An SLA must be stored in a charged state. A topping charge should be applied every six months to avoid the voltage from dropping below 2.10V/cell. The topping charge requirements may differ with cell manufacturers (Apple A1281 battery).

An approximate charge-level indication can be obtained by measuring the open cell voltage while in storage. A voltage of 2.11V, if measured at room temperature, reveals that the cell has a charge of 50 percent and higher. If the voltage is at or above this threshold, the battery is in good condition and only needs a full charge cycle prior to use. If the voltage drops below 2.10V, several discharge/charge cycles may be required to bring the battery to full performance. When measuring the terminal voltages, the storage temperature should be observed. A cool battery raises the voltage slightly and a warm one lowers it (Apple M9848LL/A battery).

Some buyers who inspect the battery during quality control reject SLA batteries arriving from vendors with less than 2.10V per cell. Low voltage suggests that the battery may have a soft short, a defect that cannot be corrected with cycling. Although cycling may increase the capacity of these batteries, the extra cycles compromise the service life of the battery. Furthermore, the time and equipment required to make the battery fully functional adds to operational costs (Apple A1189 battery).

How to restore and prolong Sealed Lead Acid batteries

The SLA is designed with a low over-voltage potential to prohibit the battery from reaching its gas-generating potential during charge. Excess charging would cause gassing and water depletion. Consequently, the SLA can never be charged to its full potential (Apple M8665G/A battery).

Finding the ideal charge voltage limit for a sealed lead acid system is critical. Any voltage level is a compromise. A high voltage limit produces good battery performance, but shortens the service life due to grid corrosion on the positive plate. The corrosion is permanent and cannot be reversed. A low voltage preserves the electrolyte and allows charging under a wide temperature range, but is subject to sulfation on the negative plate (Apple M9677*/A battery).

Once the SLA battery has lost capacity due to sulfation regaining its performance is often difficult and time consuming. Reasonably good results in regaining lost capacity are achieved by applying a charge on top of a charge. This is done by fully charging an SLA battery, then removing it for a 24 to 48 hour rest period and applying a charge again. This is repeated several times, and then the capacity of the battery is checked with a full discharge. The SLA is able to accept some overcharge, however, too long an overcharge could harm the battery due to corrosion and loss of electrolyte (Apple A1148 battery).

Applying an over-voltage charge of up to 2.50V/cell for one to two hours can reverse the effect of sulfation of the plastic SLA. During that time, the battery must be kept cool and careful observation is necessary. Extreme caution is required not to raise the cell pressure to venting point. Cell venting causes the membrane on some SLA to rupture permanently. Not only do the escaping gases deplete the electrolyte, they are also highly flammable (Apple 661-2183 battery)!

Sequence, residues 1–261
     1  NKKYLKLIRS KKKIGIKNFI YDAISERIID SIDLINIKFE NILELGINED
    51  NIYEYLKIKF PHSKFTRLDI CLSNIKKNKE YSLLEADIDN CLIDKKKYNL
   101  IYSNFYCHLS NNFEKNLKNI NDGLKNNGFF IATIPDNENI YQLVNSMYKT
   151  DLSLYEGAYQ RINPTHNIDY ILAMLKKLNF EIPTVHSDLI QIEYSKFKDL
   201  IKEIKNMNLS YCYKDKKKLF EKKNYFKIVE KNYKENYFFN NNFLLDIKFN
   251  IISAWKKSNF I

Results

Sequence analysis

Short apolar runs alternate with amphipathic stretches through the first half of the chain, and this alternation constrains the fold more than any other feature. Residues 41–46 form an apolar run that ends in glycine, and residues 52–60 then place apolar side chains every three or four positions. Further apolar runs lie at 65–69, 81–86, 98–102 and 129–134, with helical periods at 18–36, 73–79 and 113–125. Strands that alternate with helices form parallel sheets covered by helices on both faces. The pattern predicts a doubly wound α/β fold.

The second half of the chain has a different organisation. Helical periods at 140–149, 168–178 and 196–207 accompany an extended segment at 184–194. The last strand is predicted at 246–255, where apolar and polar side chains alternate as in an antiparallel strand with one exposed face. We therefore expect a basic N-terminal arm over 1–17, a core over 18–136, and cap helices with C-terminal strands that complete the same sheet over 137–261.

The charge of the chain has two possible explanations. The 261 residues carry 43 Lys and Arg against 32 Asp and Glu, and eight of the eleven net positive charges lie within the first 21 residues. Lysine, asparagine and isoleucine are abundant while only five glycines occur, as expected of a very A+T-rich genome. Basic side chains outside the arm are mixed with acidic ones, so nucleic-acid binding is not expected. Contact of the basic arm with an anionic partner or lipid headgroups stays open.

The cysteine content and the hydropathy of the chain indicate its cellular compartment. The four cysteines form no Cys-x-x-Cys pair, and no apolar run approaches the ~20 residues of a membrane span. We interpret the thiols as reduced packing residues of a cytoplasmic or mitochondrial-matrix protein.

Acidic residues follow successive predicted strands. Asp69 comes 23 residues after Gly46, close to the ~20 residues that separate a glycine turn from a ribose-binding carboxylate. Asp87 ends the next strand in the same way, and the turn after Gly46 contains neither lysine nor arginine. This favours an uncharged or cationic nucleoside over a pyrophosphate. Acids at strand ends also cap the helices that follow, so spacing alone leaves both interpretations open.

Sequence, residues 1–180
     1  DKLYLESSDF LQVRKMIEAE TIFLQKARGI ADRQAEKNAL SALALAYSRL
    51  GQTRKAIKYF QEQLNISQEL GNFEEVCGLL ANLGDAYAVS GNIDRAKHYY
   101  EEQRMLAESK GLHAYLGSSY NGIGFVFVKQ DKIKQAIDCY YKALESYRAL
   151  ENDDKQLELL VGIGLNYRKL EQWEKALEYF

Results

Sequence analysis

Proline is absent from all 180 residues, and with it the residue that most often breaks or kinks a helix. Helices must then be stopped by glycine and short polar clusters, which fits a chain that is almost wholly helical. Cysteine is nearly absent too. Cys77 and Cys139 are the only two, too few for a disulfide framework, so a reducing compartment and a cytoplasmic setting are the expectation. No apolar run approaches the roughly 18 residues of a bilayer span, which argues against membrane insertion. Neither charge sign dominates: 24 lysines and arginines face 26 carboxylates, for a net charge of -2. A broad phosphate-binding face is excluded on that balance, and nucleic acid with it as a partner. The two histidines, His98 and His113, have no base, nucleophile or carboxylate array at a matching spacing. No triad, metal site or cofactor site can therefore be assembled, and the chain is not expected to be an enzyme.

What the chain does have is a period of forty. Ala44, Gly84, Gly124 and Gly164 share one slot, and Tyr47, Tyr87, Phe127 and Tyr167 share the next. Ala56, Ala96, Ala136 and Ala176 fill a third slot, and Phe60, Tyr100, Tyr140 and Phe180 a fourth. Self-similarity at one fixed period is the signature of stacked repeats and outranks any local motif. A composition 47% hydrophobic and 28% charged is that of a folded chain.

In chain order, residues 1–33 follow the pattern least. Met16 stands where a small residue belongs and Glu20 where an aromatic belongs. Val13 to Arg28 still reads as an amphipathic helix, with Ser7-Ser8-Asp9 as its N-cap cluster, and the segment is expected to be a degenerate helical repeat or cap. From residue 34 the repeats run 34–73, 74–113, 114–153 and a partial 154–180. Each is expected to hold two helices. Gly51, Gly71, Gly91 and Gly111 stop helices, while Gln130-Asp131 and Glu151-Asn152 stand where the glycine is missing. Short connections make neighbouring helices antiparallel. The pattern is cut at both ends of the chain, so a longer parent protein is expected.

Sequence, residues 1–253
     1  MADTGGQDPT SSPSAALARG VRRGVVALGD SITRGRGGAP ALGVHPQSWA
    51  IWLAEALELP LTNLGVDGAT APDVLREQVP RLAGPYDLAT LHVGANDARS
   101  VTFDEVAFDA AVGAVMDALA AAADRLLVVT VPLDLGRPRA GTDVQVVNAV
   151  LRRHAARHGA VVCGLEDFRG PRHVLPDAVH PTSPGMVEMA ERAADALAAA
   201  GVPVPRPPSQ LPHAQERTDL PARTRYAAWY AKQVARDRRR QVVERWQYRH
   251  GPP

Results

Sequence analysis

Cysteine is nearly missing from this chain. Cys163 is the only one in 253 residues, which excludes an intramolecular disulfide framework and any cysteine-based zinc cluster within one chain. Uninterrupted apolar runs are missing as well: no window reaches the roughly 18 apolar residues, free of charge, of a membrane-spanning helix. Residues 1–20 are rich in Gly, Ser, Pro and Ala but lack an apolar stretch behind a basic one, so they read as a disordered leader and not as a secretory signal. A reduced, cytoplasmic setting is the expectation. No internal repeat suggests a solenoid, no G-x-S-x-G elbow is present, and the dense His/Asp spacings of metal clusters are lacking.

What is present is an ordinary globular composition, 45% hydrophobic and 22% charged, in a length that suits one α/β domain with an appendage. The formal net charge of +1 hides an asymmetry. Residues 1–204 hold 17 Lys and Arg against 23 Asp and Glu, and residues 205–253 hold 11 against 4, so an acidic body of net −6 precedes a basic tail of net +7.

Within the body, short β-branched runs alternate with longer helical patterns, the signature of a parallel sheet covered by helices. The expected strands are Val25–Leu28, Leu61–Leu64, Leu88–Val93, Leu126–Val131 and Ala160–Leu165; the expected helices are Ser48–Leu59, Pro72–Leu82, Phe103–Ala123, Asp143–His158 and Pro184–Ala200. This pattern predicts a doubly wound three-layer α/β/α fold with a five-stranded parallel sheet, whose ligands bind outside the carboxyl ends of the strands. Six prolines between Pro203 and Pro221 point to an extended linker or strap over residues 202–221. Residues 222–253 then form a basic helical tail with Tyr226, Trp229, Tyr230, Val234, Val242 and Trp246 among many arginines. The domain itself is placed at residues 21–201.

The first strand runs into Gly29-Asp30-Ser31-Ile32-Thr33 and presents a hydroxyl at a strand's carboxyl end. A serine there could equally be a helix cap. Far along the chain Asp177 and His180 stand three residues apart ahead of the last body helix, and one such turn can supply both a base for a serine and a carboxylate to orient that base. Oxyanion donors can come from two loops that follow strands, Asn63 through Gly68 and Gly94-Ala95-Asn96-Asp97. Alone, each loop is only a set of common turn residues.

The Hawker cell can be stored at voltages as low as 1.81V. Reactivation is relatively easily. However, when activating, the cell voltage under charge may initially raise up to 5V while absorbing only a small amount of current. Within about two hours, the small charging current converts the large sulfate crystals back into active material. The internal cell resistance decreases and the charge voltage eventually returns to normal. At a voltage between 2.10V and 2.40V, the cell is able to accept a normal charge (Apple M9419ZH/A battery).

To prevent damage, current limiting must be applied to protect the battery. Always set the current limit to the lowest practical setting. If current limiting is not available, the battery should be observed at all times. Not all Hawker cells allow restoration after prolonged low voltage storage (Apple M9007LL/A battery).

Improving the capacity of an older SLA by cycling is mostly unsuccessful. Such a battery may simply be worn out. Cycling would just wear down the battery further. Unlike nickel-based batteries, the lead acid battery is not affected by memory.

SLA batteries are commonly rated at a 20-hour discharge. Even at such a slow rate, a capacity of 100 percent is difficult to obtain. For practical reasons, most battery analyzers use a 5-hour discharge when servicing SLA batteries. This typically produces 80 to 90 percent of the rated capacity. SLA batteries are normally overrated and manufacturers are aware of this (Apple M9008J/A battery) .


The SLA serves a market in which newer battery chemistries would either be too expensive and the upkeep too demanding. A modern replacement may simply be too delicate and fail prematurely due to harsh environment. For applications such as wheelchairs, scooters and small UPS units, the SLA has not found a suitable replacement that is both rugged and cost effective. But like any other battery, the SLA exhibits weaknesses and has needs that must be met to obtain a long and reliable service (Toshiba PA3535U-1BRS battery).